“You can’t use up creativity. The more you use, the more you have.” – Maya Angelou
I realized a while ago what Maya Angelou undoubtedly knew all her life: that when I listen closely for my creativity, and when I give it the attention, nurturing, and care that it desires, it shows up a lot more often in my life. And why not? After all, if a friend sends us a thoughtful and useful gift that we never use nor thank them for, they probably won’t bother coming around again, will they? Our creativity, just like anyone who provides brilliant gifts to the world, longs to be heard, used, and appreciated.
With the purpose of inviting and encouraging creativity to make itself a familiar friend in our daily lives, I’ve found the following five “creativity kickstart” habits invaluable. My hope is that these will allow you to kickstart your own creativity and follow it wherever it may lead you.
1) Make time for creativity.
I find that when I wait passively for inspiration to strike, it seldom comes. But when I carve out specific time to listen for inspiration, it comes calling. Call it a brainstorming session, call it mind-wandering time, call it whatever you like – when you consistently make time for creativity, I promise you it will eventually start showing up.
2) There are no bad ideas.
Nothing kills creativity like self-doubt. So often do we have a new idea only to immediately follow it with that all-too-familiar thought: that’s a stupid idea. Get into the habit of not dismissing any of your ideas until you’ve followed them down the rabbit hole at least a little ways.
3) Keep a creativity journal.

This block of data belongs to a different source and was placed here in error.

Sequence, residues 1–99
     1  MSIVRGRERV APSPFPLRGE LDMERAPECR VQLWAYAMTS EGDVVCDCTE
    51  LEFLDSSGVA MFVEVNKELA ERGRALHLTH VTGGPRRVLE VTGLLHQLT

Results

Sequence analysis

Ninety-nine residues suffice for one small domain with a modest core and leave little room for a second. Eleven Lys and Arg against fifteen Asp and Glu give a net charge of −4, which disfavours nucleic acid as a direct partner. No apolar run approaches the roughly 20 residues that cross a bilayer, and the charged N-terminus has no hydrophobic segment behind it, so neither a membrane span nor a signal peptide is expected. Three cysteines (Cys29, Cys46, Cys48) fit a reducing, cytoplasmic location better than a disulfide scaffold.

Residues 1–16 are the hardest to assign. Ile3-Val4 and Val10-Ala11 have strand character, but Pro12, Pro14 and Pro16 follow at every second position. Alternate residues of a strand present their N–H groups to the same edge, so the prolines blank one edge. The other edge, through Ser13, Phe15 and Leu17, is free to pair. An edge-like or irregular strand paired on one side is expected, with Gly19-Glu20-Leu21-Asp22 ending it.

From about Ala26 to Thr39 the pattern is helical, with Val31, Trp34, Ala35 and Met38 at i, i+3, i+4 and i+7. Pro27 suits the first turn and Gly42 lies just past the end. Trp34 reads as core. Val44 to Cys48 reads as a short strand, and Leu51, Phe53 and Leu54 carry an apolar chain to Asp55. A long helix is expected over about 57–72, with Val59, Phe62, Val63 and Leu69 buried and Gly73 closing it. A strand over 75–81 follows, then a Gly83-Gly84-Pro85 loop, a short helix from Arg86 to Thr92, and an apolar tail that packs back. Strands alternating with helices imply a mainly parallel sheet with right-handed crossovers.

I find it helpful to keep a small journal where I can jot down any and all creative ideas as soon as they come to mind. It doesn’t matter how small and seemingly insignificant or how big, bold, and crazy they might be. If they cause a spark in my mind, they go into the book. Your ideas are rare gems, so collect them as best you can.
4) Take thought walks.
I’ve had some of my best ideas while out on a solitude walk (meaning a walk with no people, no music, and no phone/device). There’s something about being outside of our typical environment and free to let our eyes and minds wander which seems to invite creativity in. The next time you’re struggling to find your next step in a creative project, take a thought walk, and see if the solution presents itself.
5) Dive in.
The sooner you can start in on a new creative idea, the better. For only when you dive into bringing your idea to life will you discover whether it’s an idea you truly want to see through to the end or one that you will instead give thanks for and let it go. Brilliant ideas are often disguised as mediocre ones in the beginning, and if you don’t dive in, you’ll never know which your best ones are 🙂
What creative idea will you dive into this week?